University of Maryland Extension

Lacewings

Lacewings 

lacewing adult  
Green Lacewing
closeup of brown lacewing
Brown Lacewing
lacewing larvae controlling aphids 
Green Lacewing Larva Feeding on Aphid 
delicate lacewing eggs
Green Lacewing Eggs Attached to Leaf Where Aphids
are Feeding 

  • Lacewings are popular, commercially available beneficial insects. Green lacewings are the most common, but brown lacewings are also available. Distribute eggs or larvae evenly around infested plants to minimize cannibalism and to maximize their usefulness as biological control organisms.
  • Lacewing adults are delicate, green or brown, with small heads, and large eyes. The wings are longer than the body, transparent, with a fine network of veins, and are about 1/2 to 3/4 of an inch long.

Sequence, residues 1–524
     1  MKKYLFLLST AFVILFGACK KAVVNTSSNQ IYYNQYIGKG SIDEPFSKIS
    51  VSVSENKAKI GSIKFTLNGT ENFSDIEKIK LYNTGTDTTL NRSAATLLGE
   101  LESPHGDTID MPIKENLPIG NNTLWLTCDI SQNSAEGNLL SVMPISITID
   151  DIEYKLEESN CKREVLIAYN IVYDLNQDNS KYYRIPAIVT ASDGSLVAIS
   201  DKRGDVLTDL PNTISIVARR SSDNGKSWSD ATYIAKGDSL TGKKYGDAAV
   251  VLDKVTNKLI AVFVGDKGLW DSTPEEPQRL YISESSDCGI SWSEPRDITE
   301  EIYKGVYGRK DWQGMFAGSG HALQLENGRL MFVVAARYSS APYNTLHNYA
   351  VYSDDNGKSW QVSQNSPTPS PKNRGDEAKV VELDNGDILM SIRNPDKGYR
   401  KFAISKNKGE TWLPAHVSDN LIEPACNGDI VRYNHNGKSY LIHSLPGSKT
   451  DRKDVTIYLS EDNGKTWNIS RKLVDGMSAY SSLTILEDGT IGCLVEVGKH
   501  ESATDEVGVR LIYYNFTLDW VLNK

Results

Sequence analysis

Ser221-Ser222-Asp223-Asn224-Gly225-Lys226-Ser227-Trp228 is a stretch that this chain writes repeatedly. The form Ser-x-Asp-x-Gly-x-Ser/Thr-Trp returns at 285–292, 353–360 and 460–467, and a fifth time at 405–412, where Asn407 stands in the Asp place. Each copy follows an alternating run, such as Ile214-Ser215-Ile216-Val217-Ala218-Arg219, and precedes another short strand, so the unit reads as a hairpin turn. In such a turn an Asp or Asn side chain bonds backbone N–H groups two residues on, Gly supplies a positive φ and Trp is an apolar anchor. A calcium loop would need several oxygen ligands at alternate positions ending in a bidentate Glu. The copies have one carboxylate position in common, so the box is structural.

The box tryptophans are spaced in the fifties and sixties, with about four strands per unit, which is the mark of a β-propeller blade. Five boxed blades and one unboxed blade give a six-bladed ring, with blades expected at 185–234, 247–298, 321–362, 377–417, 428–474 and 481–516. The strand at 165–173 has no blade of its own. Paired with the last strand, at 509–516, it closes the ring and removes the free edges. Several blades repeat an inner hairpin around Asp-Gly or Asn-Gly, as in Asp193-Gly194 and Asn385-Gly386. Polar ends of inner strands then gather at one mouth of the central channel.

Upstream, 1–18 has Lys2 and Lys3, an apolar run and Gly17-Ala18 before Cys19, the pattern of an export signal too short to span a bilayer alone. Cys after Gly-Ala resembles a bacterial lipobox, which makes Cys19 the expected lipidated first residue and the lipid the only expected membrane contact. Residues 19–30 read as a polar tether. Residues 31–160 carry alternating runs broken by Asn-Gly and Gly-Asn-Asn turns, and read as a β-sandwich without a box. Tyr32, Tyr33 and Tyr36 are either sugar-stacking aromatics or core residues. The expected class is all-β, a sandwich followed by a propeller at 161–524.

• The larvae are alligator-like in appearance, spindle shaped, yellow to brown in color, and mottled. They have spines along their sides and long curved mouthparts (mandibles).
  • Eggs of lacewings are often found in great numbers on plants infested with prey such as aphids or mites. Eggs of green lacewings are laid on the end of long, fine stalks, and are often attached to leaves or twigs.
  • Lacewings are excellent predators of aphids and other small insects.
  • Hatching larvae will eat anything they encounter, size permitting, including siblings.
  • They eat aphids, lace bugs, caterpillars, larvae of some beetles, insect eggs, and mites.
  • Ants foraging on plants are a major predator of lacewing eggs and larvae.
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